A 23-year-old Ottawa man is facing human trafficking charges after police in both Ottawa and Windsor worked together to track him down. He was arrested in Windsor on Wednesday.

University of Windsor students are using their fourth-year capstone project to bring awareness to the human sex trade happening right in Windsor-Essex. Their documentary will debut Friday.

What is human trafficking?

A trafficker deceives a victim by making false promises of love, good jobs or stable lives and then forces them into situations of sexual exploitation, forced labour or other forms of commercial exploitation. Victims can be anyone, but they are most often women and children; persons who do not have lawful immigration status in the United States; Black people and other persons of color; runaway or homeless youth; and lesbian, gay, bisexual, transgender and intersex (LGBTQI+) individuals.

Human trafficking is most prevalent in countries that are low and lower-middle income, but it also occurs in high-income countries. Regardless of income, being in a country that experiences political instability; enduring systemic racism; or having a mental disorder, such as PTSD, increases the risk of being trafficked. Similarly, being involved in gangs is associated with increased vulnerability to being exploited by traffickers. Human trafficking also happens in so-called “corridors,” which are geographical areas that include multiple urban centres.

Why is it happening?

The panel addressed the reasons people fall into situations of exploitation and the need for prevention. These include economic pressures, interpersonal violence, gangs, and community and societal violence, as well as natural disasters that leave people displaced, without transportation or ability to earn an income, disconnected from support services and exposed to traffickers who exploit them.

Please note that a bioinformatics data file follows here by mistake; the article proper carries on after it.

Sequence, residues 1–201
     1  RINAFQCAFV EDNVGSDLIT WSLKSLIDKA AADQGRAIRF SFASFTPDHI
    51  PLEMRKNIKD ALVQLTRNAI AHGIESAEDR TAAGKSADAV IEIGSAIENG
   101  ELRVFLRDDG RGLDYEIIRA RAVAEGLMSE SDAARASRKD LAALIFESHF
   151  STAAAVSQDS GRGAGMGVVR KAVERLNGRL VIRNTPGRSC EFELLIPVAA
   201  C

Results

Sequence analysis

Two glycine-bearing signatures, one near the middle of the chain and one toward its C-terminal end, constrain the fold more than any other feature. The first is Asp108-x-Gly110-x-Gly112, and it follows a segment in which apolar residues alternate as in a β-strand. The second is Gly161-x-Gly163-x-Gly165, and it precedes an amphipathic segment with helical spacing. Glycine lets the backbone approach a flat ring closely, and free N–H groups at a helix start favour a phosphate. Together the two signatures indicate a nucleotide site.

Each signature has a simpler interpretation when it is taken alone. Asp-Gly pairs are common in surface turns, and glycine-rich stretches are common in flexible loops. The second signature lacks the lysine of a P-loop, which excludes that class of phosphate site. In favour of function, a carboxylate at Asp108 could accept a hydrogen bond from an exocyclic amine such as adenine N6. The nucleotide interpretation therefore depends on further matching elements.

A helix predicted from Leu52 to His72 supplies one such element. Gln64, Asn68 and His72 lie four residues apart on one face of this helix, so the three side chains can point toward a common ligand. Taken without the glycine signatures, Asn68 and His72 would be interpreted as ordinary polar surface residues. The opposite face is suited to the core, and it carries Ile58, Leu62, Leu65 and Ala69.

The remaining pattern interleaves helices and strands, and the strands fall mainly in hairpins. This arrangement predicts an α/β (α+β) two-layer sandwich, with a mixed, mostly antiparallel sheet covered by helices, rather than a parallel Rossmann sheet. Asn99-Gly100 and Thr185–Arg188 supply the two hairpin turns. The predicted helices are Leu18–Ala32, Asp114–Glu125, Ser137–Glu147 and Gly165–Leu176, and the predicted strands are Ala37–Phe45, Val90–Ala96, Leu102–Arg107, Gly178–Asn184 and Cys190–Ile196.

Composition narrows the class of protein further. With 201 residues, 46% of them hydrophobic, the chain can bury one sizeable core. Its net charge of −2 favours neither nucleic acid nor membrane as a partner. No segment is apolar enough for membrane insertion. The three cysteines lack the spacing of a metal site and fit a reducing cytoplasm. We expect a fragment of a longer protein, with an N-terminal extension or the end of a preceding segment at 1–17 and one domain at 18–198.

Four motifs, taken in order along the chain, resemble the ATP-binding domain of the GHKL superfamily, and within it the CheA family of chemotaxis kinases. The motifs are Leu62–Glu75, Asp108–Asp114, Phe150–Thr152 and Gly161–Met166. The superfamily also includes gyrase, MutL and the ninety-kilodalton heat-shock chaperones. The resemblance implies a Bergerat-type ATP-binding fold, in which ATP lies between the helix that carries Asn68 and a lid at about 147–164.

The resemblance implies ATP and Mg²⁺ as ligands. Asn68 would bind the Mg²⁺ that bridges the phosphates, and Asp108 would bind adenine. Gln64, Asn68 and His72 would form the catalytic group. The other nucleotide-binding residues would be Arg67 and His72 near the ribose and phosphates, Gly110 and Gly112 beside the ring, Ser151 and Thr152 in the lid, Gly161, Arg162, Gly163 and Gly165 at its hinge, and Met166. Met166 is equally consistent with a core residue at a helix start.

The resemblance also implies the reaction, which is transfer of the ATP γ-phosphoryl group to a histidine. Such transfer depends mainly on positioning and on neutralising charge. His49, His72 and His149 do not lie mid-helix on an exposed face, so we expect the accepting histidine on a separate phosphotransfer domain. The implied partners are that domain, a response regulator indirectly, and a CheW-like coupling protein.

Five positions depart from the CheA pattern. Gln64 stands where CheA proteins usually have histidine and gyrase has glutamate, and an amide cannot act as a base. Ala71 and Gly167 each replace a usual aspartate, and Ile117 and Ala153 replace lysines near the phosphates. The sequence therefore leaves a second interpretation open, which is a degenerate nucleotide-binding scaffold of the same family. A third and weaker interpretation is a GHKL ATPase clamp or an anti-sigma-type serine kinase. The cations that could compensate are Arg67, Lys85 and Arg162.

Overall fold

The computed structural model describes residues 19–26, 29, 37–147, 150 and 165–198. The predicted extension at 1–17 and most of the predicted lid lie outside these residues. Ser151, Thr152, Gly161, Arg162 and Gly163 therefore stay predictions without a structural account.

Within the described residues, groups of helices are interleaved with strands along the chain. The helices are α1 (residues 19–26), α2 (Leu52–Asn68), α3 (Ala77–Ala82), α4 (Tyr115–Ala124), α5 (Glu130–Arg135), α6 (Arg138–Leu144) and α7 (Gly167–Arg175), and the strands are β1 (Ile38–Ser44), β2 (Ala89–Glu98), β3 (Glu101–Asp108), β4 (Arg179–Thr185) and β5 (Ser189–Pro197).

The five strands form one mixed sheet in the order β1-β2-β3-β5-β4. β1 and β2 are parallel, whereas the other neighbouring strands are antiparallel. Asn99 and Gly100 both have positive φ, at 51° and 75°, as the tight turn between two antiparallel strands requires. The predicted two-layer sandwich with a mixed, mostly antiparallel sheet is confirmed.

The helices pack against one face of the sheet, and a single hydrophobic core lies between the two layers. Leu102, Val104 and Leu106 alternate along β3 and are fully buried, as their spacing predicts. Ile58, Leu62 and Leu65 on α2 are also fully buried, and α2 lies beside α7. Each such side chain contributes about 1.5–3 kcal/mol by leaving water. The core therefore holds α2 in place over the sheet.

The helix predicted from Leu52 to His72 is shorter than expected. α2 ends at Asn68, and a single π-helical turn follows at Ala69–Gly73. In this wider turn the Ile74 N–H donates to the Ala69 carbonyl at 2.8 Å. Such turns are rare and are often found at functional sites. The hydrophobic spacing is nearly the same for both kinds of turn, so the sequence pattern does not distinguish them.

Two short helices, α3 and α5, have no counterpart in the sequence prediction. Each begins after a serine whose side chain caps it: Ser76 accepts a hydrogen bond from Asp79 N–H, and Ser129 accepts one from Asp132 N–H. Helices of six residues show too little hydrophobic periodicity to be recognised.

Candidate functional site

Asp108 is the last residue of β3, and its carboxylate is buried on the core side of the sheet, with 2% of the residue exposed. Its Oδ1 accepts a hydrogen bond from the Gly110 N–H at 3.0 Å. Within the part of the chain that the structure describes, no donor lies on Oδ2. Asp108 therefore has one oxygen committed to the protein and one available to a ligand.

Victims are lured into their traffickers’ networks through a variety of means, including force, fraud and coercion, or false promises such as employment, marriage, or a better life. Over time, traffickers often increase their control of victims by depriving them of money and IDs, restricting movement, limiting social interaction, monitoring personal hygiene and changing work conditions.

In addition, specific communities and individuals are at greater risk of becoming victimized, including newcomer, Aboriginal, refugee and LGBTQI+ people. This is because they are often marginalized in society, and lack a trusted support network to help them seek safety and assistance. They may also have a lower capacity to recognize and report abuse.

What are the signs of human trafficking?

Vulnerable individuals are targeted and manipulated by traffickers using false promises, drugs or alcohol. They are isolated from their families and friends, denied access to money or ID documents, forced to work without payment, and often moved around so that police cannot find them. They may be threatened, beaten or even physically assaulted by their traffickers.